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A Little Inaccuracy Can Go A Long Way

Samuel Johnson (1709-1784) was a prolific English author who is most known for A Dictionary of the English Language (1755). He contributed extensively to what we know about writing and literature. Recently I came across a quote of his that really struck a chord with me:

"In all pointed sentences, some degree of accuracy must be sacrificed to conciseness."

Put another way: you can be concise or you can be accurate, but rarely both. 

Indeed, the need or predilection to present information that is technically accurate is one the biggest barriers to clear explanations. A reason is it such a problem is that we're trained and rewarded in many parts of our lives for the very same accuracy that makes us less understandable in other parts.

Think about it this way... You work in a university, hospital or research lab where technical accuracy is paramount. Lives or at least your reputation may depend on your ability to be very specific and technically detailed in your work. But when you go to a dinner party and someone asks about your job, you find it difficult to make it understandable. You think of abstractions or analogies, but nothing seems right because they're essentially inaccurate representations. You've been trained and rewarded your whole life to be this way. Inaccuracy doesn't seem to be an option.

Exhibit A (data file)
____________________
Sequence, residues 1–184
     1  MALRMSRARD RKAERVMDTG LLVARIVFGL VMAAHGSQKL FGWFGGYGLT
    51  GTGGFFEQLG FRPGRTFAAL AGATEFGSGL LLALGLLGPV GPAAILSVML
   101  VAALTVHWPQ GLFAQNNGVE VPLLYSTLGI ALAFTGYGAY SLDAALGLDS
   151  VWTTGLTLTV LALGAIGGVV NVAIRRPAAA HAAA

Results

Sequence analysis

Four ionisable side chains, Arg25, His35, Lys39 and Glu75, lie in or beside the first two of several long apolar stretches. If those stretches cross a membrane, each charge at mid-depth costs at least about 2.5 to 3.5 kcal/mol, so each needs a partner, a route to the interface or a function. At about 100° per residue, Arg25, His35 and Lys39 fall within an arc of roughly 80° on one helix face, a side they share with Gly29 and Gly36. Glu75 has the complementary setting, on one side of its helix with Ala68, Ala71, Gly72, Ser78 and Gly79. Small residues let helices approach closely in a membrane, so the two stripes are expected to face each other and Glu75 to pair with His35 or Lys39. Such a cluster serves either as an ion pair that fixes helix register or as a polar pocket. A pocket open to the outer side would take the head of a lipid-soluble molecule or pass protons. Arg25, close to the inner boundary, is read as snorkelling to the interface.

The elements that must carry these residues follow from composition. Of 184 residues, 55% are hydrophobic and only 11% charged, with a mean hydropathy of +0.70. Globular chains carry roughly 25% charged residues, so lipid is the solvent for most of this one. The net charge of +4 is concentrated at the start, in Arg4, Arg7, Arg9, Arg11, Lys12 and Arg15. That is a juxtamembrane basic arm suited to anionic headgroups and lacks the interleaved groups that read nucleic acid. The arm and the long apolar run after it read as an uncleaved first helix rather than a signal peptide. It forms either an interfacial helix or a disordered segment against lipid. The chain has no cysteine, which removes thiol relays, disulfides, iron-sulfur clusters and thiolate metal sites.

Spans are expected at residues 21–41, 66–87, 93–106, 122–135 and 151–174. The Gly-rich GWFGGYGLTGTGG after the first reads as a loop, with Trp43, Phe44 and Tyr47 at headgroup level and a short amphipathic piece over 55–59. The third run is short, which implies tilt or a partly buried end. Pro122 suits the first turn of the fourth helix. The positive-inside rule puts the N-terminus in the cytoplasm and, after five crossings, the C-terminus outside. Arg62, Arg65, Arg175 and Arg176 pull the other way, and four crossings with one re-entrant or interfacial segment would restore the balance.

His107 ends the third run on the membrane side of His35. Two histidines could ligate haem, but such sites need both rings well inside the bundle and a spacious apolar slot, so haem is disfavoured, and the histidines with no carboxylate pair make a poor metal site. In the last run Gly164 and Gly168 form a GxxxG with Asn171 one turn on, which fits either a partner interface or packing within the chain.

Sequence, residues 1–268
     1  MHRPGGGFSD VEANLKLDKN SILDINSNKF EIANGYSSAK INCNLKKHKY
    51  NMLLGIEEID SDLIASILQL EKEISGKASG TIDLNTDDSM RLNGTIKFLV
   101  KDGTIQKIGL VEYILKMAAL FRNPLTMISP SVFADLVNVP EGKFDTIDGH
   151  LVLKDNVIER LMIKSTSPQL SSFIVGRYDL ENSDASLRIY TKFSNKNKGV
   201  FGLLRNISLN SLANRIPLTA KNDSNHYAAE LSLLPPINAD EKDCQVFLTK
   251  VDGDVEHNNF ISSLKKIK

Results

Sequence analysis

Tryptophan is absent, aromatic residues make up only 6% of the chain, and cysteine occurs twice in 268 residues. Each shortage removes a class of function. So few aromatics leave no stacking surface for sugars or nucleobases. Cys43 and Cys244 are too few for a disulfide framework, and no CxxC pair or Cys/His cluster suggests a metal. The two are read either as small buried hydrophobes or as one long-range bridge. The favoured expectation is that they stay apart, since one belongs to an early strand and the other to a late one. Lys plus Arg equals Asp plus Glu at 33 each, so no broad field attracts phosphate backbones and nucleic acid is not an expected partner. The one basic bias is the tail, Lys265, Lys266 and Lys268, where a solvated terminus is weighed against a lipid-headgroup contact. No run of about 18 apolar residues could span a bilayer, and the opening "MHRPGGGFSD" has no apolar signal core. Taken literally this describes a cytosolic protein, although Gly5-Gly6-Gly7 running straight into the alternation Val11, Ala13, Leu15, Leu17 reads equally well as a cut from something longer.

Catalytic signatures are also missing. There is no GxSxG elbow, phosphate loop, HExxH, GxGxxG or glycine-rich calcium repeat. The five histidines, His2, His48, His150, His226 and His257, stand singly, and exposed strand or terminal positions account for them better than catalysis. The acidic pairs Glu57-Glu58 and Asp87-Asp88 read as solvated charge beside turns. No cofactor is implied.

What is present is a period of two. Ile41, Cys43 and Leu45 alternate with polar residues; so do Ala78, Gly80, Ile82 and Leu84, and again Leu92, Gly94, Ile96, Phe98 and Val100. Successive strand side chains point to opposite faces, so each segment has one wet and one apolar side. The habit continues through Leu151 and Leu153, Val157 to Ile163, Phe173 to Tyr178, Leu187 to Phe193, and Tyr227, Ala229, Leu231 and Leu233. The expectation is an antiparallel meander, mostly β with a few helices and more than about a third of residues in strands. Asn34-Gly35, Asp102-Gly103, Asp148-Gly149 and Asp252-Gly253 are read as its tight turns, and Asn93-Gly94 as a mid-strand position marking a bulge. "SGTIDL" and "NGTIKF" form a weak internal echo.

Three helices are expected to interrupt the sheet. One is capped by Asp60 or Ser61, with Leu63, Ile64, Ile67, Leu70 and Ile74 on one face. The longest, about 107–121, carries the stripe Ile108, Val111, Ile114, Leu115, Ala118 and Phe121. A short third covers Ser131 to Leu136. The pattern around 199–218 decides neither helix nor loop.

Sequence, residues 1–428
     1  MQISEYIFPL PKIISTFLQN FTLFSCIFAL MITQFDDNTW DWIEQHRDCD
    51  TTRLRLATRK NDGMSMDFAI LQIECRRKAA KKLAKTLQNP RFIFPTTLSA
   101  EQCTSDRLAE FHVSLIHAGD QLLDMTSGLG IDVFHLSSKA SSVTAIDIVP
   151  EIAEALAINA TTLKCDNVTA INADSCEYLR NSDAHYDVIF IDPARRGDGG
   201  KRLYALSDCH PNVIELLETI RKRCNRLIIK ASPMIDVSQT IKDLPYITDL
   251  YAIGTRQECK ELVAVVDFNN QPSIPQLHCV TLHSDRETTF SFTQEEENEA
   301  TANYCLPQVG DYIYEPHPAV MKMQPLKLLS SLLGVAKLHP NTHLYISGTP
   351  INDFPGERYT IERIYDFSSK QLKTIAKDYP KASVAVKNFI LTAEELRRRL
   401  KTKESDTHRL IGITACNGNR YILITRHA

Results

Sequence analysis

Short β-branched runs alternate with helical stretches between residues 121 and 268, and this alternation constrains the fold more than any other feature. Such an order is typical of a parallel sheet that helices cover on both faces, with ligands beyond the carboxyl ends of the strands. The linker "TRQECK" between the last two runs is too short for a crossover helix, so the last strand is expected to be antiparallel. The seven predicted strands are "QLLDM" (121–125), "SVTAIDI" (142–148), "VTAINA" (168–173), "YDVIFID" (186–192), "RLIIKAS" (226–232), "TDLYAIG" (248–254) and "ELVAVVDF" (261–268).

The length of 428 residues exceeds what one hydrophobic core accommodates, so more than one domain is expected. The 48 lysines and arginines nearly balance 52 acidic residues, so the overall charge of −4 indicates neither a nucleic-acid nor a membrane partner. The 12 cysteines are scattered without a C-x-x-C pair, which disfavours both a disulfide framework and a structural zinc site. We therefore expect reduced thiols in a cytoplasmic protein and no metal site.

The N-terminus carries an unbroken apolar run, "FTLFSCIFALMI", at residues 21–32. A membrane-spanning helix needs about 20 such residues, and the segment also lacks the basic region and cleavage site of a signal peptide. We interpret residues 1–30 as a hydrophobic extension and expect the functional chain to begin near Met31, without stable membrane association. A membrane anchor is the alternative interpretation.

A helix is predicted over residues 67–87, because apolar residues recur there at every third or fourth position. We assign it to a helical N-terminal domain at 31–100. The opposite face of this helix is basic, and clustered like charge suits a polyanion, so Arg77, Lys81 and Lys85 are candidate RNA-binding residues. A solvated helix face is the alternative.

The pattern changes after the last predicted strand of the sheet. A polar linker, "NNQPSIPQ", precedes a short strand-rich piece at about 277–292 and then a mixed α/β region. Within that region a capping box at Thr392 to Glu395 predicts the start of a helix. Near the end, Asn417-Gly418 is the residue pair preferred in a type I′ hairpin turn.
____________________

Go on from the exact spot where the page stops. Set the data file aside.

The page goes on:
If understanding is a priority, you have to be comfortable with some degree of inaccuracy. Much like Mr. Johnson said, you sometimes have to trade accuracy for understanding and that means letting go of some of the details and focusing on the big picture. It means using slightly inaccurate analogies to powerfully relate an idea. As Sigmund Freud put it:

"Analogies, it is true, decide nothing, but they can make one feel more at home." 

In an explanation, the goal is to make people care, so that they'll become interested in the details and be motivated to keep learning. A little inaccuracy may have to be traded to make your audience feel more at home.